The Tale of Genji
One of the favorite books that I enjoyed reading was The Tale of Genji, and getting to know the many loves of Genji and To no Chujo's descendants. I have to admit that with modern sensibilities its easy to dislike their characters and behaviors, yet one has to look past all that. (The version I read was the Seidensticker edition.) I've discovered the book completely by accident: when I was taking World literature class, one of the assignments was to read portions from Norton World Anthology Vol B of The Tale of Genji. (The chapters were from Seidensticker edition, portions from Chapter 2, 4, 12, 13 and 25. I think I desired to read The Tale of Genji due to the second chapter, The Broom Tree.) When I got my bachelor's degree, however, I rewarded myself by asking from The Tale of Genji, and since then I hadn't regretted my decision. I will simply discuss the men from the novel: Genji, To no Chujo, Yugiri, Kashiwagi, Kaoru, and Niou.
The Tale of Genji is also very Oedipal and numerous times I wondered what would Freud think of all that was going on in the book? (Genji's mother has passed away when he was an infant, and his father got a woman that resembles his mother who took care of him. Yes, there was a romantic attraction between the two...) Genji is very loyal to the women he loves, and takes care of them. He's also very successful and enjoys life the way he does. He does have faults of his own such as kidnapping the girl Murasaki who is related to Fujitsubo (the stepmother) and marrying her eventually. He seems to also fall in love too easily and would be compared to a Gary Stu character. There are a few things wrong with him though, despite the kidnapping of Murasaki and sleeping with his own stepmother. One of the things he mourns is his lack of children. He has three natural children, two sons and a daughter, but often wishes for more. Another would be not allowing for Murasaki to become a nun like she desired, and not respecting a certain lady that caused deaths of his wife and a lover he took up into the mountains. Genji is very nurturing and few times takes care of or ends up looking after children that are not his own.
To no Chujo:
Often To no Chujo and Genji are portrayed to be rivals in many things, especially women. To no Chujo cares a lot about appearances, and, unlike Genji, has way too many children. To no Chujo tends to be on the losing side and doesn't seem to care about the women in his life. In some cases he also makes very poor decisions, such as choosing a wrong husband for one of his daughters. He is Genji's brother in law as well as his best friend.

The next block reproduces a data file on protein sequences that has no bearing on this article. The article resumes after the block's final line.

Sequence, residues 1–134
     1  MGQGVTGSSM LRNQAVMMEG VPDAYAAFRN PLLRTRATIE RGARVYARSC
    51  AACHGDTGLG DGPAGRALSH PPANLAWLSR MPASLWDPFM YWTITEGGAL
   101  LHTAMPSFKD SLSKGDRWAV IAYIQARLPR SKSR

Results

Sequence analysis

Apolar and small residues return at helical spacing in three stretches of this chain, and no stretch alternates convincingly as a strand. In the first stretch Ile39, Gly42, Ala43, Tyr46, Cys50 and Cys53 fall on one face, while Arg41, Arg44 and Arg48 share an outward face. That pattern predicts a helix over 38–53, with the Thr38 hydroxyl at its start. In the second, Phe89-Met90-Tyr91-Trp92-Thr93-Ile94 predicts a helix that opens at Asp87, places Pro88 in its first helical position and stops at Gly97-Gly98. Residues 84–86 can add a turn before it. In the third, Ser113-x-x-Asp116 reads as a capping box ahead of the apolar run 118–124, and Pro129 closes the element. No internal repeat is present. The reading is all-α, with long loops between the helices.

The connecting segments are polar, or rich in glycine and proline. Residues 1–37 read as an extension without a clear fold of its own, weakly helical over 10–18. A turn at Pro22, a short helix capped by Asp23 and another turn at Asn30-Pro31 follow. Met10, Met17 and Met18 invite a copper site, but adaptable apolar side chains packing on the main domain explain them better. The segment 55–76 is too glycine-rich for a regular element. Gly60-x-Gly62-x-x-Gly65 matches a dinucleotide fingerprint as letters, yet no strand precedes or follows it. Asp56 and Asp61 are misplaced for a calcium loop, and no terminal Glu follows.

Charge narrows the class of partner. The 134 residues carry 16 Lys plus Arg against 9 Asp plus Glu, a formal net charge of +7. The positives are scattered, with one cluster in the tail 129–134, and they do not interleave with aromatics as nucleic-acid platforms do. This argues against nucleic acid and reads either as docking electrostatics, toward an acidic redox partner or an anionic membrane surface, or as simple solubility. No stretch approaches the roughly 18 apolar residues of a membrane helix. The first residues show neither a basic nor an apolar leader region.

Strangely enough, I thought that Yugiri bore strong resemblance to To no Chujo rather than to his father. He seems to have no great love as his father does, and like To no Chujo has countless children. What is odd as well is that Yugiri lost his mother at an early age (his mother was possessed by a spirit who kiled her,) and Murasaki took care of him, although Genji made sure that Yugiri never saw her or never fell in love with her. At first I thought he would have one love instead of multiple loves but I was wrong. If I recall correctly, he wasn't as successful as his father was.
He's the son of To no Chujo and is one of the more likable characters, sort of. He and Yugiri are good friends, and he strongly resembles Genji. Genji ends up becoming married to a half niece if I'm not mistaken who is called The Third Princess. When Kashiwagi sees her, despite his marriage to Second Princess (probably a half or a full sister to Third Princess,) he falls in love with her and ends up seducing her. Kaoru results from the affair, whom Genji is forced to call his son. At one point, Kashiwagi takes care of a cat that the Third Princess loves. Unfortunately I cannot recall whether he died from killing himself or being killed by someone else. (I suspect that he may have died from not having her.)
The second part of the novel, ending with Genji's death and beginning with Prince Niou who is the grandson of Genji through his daughter, and Kaoru, legally Genji's son, but in reality, grandson of To no Chujo. For some odd reason the second half was an irritating and frustrating read for me, for it sounded like a broken record (not kidding.)
He strikes me as a selfish character as well as extremely arrogant. He can be described as attractive, but he seems to mess everything up, or at least he doesn't consider others' needs. He is also in competition with Kaoru, and has a wife and some children. At one point he makes Nakanokimi his wife and she bears his child. He's not the main character, thus we don't see his point of view.
He should be a likable character because he might be considered the anti-hero of this novel. (Not a villain, but a different type of hero. I often thought anti-hero meant villain.) He might be a modern type of hero, although half the time I was wishing for him to love someone else instead of Oigimi. He does get married but I doubt he has children at the time the novel was over. He's also in love with Ukifune just like Prince Niou. Ukifune loves Prince Niou, I think, and half the time I wished to tell him to move on and so forth.
The story itself in a cliffhanger: Ukifune, desiring to escape, tries to kill herself, or else fakes her own death and is found by a monastery. She desires to be a nun. Kaoru learns of her whereabouts and creates a plan to bring her to him and that's it, the end. Use the imagination to figure out whether or not he'll succeed.